By Michael Hill
At 15, Jose — that’s not his real name — made the decision to leave his family and home in Guatemala. One reason, he says, a gang was trying to recruit or kidnap him or a younger sister and one night tried to break in his house.
“Could have been a break-in or they could have tried to kidnap one of them to try to get ransom,” he said.
Jose says another reason is domestic violence. His dad had a mistress and Jose would defend his mother from his dad’s punches and kicks but of course some would land on Jose.
His family paid a guide nearly $2,000 to take him from Totonicapan to the U.S. — more than 2,200 miles. He says the guide took him and six others by bus to the Guatemalan-Mexican border. Then on a freight train called The Beast.
“They call it the beast because a lot of people didn’t make it out of it. They either fell off the train or couldn’t hold on and plenty people died,” he said.
Like other unaccompanied minors, Jose’s journey to Arizona took 25 days. He walked across the border in March and wound up in a shelter in Phoenix and then on to an uncle in Morristown and then had his case transferred to Newark for deportation.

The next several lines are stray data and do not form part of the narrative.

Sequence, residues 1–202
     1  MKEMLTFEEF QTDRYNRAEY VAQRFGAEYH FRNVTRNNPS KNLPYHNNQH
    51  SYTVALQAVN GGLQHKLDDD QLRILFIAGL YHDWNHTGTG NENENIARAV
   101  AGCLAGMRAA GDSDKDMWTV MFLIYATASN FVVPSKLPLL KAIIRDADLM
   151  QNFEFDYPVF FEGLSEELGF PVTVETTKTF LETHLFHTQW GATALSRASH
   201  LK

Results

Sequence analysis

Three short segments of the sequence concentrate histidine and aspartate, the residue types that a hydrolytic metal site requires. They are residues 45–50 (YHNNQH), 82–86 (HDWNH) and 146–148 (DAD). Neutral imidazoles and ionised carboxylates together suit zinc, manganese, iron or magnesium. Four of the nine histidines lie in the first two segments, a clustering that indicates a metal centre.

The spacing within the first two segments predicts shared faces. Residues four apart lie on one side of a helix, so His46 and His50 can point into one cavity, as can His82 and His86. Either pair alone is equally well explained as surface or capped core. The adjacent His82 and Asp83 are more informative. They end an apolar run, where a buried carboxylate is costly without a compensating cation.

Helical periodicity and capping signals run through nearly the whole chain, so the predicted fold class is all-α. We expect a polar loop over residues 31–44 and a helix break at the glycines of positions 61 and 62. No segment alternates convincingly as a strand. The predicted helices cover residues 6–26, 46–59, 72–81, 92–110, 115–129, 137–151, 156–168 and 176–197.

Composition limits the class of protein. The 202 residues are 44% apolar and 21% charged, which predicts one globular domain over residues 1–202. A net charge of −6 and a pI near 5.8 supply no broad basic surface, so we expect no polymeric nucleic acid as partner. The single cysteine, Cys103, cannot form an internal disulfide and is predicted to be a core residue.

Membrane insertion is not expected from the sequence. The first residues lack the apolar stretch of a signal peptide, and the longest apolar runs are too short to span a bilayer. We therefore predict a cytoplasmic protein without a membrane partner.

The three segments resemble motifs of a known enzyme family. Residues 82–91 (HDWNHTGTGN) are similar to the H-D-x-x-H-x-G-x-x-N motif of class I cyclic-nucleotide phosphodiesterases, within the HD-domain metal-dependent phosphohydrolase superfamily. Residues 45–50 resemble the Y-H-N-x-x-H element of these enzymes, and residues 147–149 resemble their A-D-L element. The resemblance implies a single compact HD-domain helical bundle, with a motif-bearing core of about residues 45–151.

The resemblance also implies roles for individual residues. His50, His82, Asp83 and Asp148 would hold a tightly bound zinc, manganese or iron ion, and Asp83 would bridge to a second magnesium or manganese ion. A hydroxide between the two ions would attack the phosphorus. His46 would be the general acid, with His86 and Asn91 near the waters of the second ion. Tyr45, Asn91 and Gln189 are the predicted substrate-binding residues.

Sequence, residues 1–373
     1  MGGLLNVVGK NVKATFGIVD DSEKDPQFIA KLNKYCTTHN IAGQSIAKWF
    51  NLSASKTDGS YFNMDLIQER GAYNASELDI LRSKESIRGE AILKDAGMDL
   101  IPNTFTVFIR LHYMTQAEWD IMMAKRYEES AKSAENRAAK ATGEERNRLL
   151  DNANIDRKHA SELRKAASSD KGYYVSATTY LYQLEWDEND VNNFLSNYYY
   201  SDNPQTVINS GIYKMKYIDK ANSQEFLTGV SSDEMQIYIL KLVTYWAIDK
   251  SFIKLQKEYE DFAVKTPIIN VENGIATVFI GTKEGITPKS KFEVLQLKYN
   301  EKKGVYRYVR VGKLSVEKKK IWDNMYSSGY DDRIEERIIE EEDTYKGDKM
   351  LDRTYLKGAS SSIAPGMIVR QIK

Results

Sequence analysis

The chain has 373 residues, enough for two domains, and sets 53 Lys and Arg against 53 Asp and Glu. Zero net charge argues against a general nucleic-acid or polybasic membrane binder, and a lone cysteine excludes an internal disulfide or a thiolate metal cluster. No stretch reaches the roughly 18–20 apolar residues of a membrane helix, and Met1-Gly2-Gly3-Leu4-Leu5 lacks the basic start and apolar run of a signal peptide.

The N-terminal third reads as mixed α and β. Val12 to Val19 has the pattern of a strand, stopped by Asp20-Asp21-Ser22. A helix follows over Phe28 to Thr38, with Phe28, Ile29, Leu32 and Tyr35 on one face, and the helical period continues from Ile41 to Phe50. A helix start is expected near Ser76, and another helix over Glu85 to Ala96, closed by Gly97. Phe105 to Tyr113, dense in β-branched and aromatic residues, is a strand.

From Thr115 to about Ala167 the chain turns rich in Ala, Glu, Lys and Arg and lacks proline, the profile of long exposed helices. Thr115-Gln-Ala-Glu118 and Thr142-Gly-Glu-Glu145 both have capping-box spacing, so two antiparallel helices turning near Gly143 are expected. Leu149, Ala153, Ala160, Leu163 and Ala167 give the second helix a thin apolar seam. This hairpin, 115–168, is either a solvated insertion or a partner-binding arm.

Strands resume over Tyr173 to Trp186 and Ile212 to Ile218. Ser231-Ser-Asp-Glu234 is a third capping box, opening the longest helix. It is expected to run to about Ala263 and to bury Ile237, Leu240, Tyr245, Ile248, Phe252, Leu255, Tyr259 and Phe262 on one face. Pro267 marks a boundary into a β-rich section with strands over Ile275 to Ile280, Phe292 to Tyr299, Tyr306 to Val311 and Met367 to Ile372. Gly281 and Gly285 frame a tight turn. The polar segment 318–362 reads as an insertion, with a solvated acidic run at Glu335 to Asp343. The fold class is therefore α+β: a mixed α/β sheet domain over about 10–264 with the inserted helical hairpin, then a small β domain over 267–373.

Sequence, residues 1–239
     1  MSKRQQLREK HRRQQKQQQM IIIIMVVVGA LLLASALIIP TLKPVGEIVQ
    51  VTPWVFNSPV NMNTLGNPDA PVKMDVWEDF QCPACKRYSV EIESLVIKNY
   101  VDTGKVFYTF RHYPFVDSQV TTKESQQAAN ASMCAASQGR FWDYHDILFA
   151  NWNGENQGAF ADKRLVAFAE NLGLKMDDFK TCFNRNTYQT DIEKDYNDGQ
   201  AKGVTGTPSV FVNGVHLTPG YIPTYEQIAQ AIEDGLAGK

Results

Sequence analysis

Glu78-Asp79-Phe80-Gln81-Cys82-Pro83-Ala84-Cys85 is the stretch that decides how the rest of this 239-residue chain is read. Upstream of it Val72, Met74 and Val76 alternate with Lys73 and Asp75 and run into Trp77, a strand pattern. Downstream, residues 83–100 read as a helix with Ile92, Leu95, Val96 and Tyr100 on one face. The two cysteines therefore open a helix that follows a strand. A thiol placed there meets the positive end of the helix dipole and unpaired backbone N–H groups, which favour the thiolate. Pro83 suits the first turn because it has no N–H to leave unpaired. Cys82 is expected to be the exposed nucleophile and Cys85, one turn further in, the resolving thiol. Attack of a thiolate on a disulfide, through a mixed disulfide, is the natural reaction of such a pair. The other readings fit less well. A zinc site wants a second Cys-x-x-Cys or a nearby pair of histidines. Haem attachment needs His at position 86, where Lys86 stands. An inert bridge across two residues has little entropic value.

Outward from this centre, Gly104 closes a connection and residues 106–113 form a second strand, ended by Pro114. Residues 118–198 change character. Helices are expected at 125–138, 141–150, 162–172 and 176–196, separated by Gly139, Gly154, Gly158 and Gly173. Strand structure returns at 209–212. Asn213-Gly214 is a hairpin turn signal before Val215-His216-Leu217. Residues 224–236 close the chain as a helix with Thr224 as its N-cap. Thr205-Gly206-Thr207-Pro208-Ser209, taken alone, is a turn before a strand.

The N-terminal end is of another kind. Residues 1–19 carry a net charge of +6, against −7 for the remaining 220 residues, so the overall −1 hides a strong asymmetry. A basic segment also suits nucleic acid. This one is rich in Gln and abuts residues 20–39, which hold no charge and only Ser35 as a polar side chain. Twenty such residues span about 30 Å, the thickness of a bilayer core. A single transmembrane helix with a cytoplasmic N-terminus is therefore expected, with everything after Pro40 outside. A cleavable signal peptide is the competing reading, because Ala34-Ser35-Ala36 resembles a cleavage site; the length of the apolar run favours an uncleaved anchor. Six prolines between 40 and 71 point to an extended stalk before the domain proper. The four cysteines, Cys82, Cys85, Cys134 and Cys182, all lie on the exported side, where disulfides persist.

At some point Jose will come to Newark to federal court, immigration court to have his say to make his claim to stay in the United States. His attorney says he has a good, legitimate reason or two to stay put.
“Folks like Jose are both in terms of being a victim of domestic violence and expecting that the police would come? It’s outlandish to consider if, some of the things he describes happened here in Morristown and a phone call to police they’d be here in a New York minute but not in Guatemala,” said lawyer Brian O’Neil.
All of the burden of proof falls on Jose. His lawyer will ask for asylum knowing this case has substantial hurdles.
“Immigration law is like the game of stepping on the sidewalk, where the game is if you step on a crack you may lose the game,” O’Neil said.
New Jersey Citizens for Immigration Control says stop the invasion, hold expedited hearings and roll up the welcome mat.
“Deport them. They should have expedited. This is a crisis situation and they should be treated humanely. They should be deported humanely,” said Gayle Kesselman.
But Jose says all that he’s endured to get here should allow him to stay. But it will be up to an immigration judge to decide whether he’s proven his case.